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Victim's family, community celebrated for passage of drowning-prevention laws

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Posted at 8:51 PM, Jun 28, 2021
and last updated 2021-06-28 23:46:59-04

CORPUS CHRISTI, Texas — Local and state leaders came together Monday to honor the mother of a Corpus Christi teenager who drowned after a rip current off Whitecap Beach dragged him out into the Gulf of Mexico in April of 2019.

Kiwana Denson, mother of 18-year-old King High School Senior Je'Sani Smith, led the charge through her Je'Sani Smith Foundation to convince representatives and senators in Austin to pass two laws designed to prevent tragedies like the one that happened to her son.

"I think that (Je'Sani) would certainly be proud that I’m helping to save his friends," Denson said.

State Representative for the Corpus Christi-area, Todd Hunter, emceed the event at the Texas Surf Museum.

While Denson and her family were the focus, he said others deserve recognition for the laws' passage as well.

“Why we’re here today is to not only thank a family who kept the pedal to the metal, but it’s also to let you know what the Coastal Bend did,” Hunter said.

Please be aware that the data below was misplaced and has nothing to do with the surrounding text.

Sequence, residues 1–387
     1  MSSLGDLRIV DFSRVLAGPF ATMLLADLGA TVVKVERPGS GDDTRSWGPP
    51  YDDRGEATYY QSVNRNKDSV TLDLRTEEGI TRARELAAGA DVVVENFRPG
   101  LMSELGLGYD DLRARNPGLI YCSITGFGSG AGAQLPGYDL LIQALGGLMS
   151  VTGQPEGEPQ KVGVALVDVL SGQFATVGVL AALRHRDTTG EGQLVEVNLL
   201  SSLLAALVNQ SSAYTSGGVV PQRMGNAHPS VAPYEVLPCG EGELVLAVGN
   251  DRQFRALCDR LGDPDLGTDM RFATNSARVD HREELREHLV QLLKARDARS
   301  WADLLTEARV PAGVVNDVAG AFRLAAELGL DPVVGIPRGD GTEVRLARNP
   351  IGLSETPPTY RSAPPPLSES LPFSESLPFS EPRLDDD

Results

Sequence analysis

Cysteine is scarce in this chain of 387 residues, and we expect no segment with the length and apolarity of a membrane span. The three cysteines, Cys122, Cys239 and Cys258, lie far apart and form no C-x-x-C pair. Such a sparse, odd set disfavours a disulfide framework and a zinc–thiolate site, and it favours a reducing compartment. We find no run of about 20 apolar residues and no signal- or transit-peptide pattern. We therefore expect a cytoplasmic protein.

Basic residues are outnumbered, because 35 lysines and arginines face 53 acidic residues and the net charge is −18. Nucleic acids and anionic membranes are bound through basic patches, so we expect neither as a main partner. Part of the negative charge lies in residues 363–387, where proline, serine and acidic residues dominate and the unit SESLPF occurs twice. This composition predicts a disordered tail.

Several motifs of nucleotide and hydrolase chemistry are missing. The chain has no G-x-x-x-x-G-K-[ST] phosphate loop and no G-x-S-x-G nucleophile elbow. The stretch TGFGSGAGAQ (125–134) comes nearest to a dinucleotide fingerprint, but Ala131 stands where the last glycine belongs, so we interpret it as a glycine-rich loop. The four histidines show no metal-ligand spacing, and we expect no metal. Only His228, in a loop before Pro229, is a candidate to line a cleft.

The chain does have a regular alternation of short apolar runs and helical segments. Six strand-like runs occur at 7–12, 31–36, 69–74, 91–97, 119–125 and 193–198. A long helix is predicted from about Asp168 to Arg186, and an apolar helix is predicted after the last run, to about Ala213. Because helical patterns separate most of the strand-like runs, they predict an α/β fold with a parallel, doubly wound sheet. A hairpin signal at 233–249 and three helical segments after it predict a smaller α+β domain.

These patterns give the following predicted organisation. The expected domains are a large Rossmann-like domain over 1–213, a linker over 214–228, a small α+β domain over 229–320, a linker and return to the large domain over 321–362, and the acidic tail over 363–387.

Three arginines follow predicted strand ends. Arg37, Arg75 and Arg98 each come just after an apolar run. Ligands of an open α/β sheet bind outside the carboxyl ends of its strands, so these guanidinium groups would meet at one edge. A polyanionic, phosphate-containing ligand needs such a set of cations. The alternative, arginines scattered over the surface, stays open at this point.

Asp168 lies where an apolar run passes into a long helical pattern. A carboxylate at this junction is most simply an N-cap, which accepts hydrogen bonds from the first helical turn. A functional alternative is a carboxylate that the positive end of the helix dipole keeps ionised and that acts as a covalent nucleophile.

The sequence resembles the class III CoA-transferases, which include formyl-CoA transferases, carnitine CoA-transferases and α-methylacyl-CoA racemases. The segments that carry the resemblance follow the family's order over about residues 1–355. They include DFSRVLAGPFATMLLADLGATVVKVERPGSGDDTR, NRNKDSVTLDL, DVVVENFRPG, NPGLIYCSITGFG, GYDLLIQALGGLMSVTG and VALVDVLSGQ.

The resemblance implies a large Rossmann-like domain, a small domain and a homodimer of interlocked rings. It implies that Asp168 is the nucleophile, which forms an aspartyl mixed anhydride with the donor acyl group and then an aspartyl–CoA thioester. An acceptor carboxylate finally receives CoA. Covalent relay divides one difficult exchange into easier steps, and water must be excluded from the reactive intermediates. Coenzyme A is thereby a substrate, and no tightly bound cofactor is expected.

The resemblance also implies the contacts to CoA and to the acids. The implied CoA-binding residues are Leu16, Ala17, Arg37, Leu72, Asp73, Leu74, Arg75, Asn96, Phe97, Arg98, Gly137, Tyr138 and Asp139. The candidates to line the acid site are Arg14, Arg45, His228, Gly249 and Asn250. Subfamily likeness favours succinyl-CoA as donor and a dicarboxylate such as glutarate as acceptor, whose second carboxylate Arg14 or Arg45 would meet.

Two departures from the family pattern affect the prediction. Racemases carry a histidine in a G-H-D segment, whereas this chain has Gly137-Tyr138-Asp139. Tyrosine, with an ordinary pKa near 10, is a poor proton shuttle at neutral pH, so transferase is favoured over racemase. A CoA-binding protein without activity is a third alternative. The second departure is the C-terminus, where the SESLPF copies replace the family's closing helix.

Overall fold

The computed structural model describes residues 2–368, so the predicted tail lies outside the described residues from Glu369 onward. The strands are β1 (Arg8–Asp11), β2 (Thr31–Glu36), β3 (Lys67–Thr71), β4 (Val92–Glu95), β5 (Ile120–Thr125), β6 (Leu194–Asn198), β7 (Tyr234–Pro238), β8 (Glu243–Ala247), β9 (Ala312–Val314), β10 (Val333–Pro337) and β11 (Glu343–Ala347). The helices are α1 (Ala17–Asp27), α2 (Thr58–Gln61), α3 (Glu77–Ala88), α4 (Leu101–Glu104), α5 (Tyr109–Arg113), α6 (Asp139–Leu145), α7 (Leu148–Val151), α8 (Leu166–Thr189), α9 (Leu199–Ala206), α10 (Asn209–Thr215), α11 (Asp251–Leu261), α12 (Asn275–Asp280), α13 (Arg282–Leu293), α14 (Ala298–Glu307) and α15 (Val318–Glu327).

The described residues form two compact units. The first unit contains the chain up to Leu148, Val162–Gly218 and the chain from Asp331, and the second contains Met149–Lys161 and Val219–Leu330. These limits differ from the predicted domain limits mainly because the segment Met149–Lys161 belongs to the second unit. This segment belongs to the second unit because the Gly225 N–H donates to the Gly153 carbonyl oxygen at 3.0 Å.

He named several local municipalities, government agencies, and businesses as supporters of this cause.

Two area mayors turned the praise back on Denson.

“I want to thank you for what you’re doing, and what you’re continuing to do," Corpus Christi Mayor Paulette Guajardo said.

“With hope comes action," Rockport Mayor Pat Rios said. "But it takes a special person to go out and to do that.”

Other local leaders said they'd join Denson in her pursuit of more laws to protect beachgoers.

“It will be something that I will continue to work on whether I’m in office or not,” Nueces County Commissioner for Precinct 4 Brent Chesney said while fighting back tears.

Both of the beach safety laws will go into effect September 1.

House Bill 3807, named the Je'Sani Smith Act, orders cities and counties that have Gulf beaches to put up signs and have lifeguards in place between Memorial Day and Labor Day near jetties and other structures that protrude into the water -- locations where rip currents are common.

House Concurrent Resolution 46 establishes April as Beach Safety and Rip Current Awareness Month.

Even though they don't officially take effect until later this summer, Denson thinks the spirit of the laws begins immediately.

“Just because it says September, I’m hoping and praying that we are taking the necessary steps right now to do what we can to make sure we save a life,” she said.

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